Experimental results of the observation of coherent stimulated radiation from subnanosecond electron bunches moving through a periodic waveguide and interacting with a backward propagating wave are presented. The subnanosecond microwave pulses in Ka and W bands were generated with repetition frequencies of up to 25 Hz. The mechanism of microwave pulse generation was associated with self-bunching, and the mutual influence of different parts of the electron pulse due to slippage of the wave with respect to the electrons; this can be interpreted as superradiance. The illumination of a panel of neon bulbs resulted in a finely structured pattern corresponding to the excitation of the TM01 mode. Observation of rf breakdown of ambient air, as well as direct measurements by hot-carrier germanium detectors, leads to an estimate of the absolute peak power as high as 60 MW for the 390-ps pulses at 38 GHz. These results are compared with numerical simulations. The initial observation of 75-GHz, 10-15-MW radiation pulses with a duration of less than 150 ps is also reported. [S1063-651X(99)00709-6].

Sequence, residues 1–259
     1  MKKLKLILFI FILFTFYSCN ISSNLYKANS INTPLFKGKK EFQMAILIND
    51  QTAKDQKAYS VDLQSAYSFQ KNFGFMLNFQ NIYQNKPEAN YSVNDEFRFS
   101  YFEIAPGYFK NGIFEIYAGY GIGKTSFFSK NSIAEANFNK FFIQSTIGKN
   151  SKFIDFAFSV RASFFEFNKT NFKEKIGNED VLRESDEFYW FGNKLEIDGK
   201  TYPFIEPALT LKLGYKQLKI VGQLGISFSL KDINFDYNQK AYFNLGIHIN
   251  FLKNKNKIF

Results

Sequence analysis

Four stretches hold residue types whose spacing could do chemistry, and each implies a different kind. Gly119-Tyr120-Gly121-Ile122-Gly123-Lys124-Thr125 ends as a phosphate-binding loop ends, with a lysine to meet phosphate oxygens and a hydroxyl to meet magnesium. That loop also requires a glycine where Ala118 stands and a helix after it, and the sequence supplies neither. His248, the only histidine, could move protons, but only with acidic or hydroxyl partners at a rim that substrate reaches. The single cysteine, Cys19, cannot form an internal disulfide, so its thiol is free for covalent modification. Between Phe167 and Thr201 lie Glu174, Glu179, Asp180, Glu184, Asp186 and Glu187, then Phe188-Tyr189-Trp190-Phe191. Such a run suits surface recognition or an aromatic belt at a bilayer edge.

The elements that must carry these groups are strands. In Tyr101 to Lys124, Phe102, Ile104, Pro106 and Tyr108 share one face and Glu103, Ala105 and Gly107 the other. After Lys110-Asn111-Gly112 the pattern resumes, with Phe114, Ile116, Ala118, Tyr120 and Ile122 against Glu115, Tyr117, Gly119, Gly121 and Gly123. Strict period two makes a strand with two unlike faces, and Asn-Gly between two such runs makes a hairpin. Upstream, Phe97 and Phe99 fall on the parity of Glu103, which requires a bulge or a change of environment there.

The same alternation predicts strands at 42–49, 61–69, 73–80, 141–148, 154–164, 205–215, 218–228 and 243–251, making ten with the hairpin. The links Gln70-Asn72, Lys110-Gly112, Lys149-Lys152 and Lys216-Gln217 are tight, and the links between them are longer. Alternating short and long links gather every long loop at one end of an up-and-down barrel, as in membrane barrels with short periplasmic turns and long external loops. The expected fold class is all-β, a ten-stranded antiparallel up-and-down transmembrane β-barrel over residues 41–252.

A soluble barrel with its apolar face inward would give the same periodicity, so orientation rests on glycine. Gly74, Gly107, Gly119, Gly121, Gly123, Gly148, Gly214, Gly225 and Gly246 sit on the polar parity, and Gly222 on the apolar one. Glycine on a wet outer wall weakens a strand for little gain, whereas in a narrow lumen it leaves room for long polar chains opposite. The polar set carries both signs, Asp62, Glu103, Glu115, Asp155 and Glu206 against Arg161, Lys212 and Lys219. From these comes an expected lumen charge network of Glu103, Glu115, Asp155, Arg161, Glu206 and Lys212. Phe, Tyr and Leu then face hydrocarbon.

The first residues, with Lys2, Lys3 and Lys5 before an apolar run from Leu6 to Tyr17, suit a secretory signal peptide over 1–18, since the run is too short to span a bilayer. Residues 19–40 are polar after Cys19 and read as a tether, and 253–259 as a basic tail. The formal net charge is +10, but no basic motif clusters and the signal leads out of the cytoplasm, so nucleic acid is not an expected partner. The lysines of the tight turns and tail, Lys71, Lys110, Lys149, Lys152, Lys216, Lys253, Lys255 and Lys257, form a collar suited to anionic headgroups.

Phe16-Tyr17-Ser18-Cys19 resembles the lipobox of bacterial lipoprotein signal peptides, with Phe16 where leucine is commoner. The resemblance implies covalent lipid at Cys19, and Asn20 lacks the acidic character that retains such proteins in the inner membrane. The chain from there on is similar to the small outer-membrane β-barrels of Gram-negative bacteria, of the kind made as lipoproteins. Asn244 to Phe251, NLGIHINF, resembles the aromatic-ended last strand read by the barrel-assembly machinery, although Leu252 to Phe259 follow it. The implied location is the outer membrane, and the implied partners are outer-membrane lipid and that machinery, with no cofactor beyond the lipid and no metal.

|Number of pages||8|
|Journal||Physical Review E: Statistical Physics, Plasmas, Fluids, and Related Interdisciplinary Topics|
|Publication status||Published - Sep 1999|
- electron beam
- electron bunch
- millimetre wave devices
- millimeter sources